Volunteers with the Surfrider Central Long Island chapter have built an Ocean Friendly Garden, which aims to increase water retention and reduce pollution runoff.
There are three main aspects to an ocean-friendly garden are conservation, permeability and retention, Betsy MacLeod, the chapter's vice chair said.
Conservation comes from planting non-invasive native plants that are drought resistant. For permeability, volunteers use pavers and mulch to absorb rainwater in order to avoid runoff in the sewers. They also have installed a rain barrel to collect rainwater, so it can be used to water the garden.
“We’re trying to educate the public on eco-friendly ways in which you can utilize your garden,” MacLeod said. “Be more sustainable, while growing your own food and protecting the environment.”
The ocean-friendly concept is a national program through Surfrider that the Long Beach chapter picked up. The garden, located at the end of Pennsylvania Avenue and Ocean Beach Park, was planned in February and built in late May. Several volunteers planted an array of vegetables -- including tomatoes, eggplants and peppers -- along with various herbs. Native pollinators and beach grass were also planted in the garden.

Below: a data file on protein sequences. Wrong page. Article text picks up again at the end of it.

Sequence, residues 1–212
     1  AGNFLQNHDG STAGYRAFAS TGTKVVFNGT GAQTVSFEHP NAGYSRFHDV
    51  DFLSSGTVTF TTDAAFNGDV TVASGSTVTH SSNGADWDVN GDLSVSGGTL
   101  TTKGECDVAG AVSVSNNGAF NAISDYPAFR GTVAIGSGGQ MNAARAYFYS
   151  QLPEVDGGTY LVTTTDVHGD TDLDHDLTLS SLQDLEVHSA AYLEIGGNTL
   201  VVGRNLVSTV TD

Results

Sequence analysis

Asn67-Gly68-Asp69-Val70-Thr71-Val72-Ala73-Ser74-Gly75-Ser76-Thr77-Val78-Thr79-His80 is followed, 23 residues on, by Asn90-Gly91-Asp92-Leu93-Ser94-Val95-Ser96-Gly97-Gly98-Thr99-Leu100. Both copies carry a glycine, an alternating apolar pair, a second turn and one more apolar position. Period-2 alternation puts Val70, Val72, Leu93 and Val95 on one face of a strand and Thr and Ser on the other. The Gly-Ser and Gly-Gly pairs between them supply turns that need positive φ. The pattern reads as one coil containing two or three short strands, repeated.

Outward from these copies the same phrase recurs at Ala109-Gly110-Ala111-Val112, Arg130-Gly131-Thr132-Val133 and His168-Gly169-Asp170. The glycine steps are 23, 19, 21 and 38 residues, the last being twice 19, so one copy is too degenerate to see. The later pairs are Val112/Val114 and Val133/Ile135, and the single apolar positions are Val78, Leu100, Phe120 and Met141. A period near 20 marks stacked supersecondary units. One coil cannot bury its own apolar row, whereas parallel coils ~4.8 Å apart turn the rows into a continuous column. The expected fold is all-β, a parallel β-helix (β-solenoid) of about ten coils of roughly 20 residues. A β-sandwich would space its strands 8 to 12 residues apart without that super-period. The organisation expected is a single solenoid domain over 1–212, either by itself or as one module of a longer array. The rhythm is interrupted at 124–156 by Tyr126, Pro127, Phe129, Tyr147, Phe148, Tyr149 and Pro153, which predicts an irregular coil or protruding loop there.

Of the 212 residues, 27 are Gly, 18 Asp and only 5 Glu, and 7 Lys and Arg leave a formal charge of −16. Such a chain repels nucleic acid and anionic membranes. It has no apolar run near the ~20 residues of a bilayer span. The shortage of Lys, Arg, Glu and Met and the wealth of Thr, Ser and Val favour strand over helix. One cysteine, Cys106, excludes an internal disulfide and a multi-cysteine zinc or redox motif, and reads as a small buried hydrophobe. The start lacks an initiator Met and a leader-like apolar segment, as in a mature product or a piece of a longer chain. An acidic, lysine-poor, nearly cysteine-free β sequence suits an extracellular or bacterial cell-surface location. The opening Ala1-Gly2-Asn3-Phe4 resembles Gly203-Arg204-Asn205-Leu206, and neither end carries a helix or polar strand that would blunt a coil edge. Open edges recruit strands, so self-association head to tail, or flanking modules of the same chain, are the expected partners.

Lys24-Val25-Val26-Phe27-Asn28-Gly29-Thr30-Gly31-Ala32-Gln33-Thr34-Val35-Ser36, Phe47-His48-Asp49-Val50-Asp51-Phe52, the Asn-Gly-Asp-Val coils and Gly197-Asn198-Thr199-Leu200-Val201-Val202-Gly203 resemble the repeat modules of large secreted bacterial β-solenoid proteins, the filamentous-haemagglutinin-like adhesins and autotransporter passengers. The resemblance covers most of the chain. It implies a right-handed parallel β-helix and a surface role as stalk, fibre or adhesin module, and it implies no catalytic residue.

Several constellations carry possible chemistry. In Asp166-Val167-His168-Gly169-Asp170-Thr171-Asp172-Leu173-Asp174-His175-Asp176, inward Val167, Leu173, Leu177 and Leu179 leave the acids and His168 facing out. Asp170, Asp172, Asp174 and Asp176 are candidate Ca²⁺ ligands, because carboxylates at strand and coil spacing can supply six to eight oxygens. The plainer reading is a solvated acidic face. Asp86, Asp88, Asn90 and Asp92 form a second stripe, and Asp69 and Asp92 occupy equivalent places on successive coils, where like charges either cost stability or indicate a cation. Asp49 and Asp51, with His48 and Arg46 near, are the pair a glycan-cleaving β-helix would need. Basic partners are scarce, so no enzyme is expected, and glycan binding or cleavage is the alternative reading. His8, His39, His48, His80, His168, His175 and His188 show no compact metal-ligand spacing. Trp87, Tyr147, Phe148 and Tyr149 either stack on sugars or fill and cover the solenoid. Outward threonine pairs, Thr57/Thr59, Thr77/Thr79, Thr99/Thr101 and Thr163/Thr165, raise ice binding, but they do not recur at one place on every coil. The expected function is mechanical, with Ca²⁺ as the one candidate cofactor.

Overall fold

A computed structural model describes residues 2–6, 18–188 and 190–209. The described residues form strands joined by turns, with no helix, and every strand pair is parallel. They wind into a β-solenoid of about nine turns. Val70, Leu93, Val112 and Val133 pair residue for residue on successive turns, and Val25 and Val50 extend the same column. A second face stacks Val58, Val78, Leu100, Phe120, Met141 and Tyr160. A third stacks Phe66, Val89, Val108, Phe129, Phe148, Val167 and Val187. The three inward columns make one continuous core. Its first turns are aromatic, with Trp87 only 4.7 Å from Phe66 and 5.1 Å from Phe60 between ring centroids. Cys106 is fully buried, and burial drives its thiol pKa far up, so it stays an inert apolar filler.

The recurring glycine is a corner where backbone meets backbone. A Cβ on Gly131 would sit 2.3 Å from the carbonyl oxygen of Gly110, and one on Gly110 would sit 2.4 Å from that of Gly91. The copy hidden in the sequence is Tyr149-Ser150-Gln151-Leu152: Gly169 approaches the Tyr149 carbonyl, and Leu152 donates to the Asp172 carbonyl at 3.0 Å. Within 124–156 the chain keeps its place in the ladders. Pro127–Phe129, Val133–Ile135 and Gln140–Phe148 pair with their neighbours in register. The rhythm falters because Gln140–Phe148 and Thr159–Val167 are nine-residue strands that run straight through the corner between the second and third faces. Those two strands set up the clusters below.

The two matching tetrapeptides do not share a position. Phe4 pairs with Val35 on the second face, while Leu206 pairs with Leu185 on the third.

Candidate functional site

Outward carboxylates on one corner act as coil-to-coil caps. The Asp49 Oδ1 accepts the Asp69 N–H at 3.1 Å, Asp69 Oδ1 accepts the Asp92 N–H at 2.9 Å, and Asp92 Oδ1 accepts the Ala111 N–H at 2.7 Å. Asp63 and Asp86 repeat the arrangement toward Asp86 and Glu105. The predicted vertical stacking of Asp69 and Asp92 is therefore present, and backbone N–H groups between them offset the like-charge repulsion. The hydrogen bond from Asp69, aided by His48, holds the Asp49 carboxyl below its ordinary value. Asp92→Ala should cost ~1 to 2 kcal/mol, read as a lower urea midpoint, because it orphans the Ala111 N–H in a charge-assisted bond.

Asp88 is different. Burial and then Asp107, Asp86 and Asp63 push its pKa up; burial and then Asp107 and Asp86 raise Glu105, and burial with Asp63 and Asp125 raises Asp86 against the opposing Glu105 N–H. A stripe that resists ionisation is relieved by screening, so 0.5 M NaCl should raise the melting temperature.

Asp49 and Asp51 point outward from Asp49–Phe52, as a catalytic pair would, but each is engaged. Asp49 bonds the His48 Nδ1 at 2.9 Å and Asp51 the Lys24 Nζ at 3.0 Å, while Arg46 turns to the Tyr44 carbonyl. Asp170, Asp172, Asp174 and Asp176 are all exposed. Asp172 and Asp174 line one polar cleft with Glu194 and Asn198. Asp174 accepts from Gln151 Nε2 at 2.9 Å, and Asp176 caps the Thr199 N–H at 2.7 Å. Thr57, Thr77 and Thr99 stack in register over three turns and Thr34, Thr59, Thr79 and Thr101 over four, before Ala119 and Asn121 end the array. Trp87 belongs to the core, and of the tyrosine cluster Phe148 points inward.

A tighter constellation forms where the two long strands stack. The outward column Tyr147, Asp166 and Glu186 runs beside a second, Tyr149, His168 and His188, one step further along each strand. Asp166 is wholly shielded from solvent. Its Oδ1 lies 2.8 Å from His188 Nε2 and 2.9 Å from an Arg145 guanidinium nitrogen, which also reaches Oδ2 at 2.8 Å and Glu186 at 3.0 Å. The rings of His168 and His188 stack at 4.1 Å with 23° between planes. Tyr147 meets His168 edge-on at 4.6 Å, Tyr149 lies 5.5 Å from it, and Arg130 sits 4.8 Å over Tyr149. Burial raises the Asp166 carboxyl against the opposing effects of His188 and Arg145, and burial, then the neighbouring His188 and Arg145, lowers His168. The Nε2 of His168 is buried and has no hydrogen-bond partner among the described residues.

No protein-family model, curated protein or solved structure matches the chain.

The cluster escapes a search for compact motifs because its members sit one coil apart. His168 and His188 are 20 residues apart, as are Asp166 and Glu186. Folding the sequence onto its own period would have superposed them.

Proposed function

The produce that is grown in the garden will be given to the Long Beach Soup Kitchen, volunteers and neighbors. Ocean-friendly restaurants in the area such as LB Social, Blacksmith Breads and Lost at Sea will also have access to the produce and herbs.
A crew of about 15 regular volunteers will handle the day-to-day maintenance of the garden, MacLeod said. She also thanked A&T Garden Center and New Eco Landscapes for donating the plants and soil.
She added that she hopes to expand the program and garden to promote environmentally friendly gardens around town. For more information on volunteering or building an Ocean Friendly Garden, you can visit on beach.surfrider.org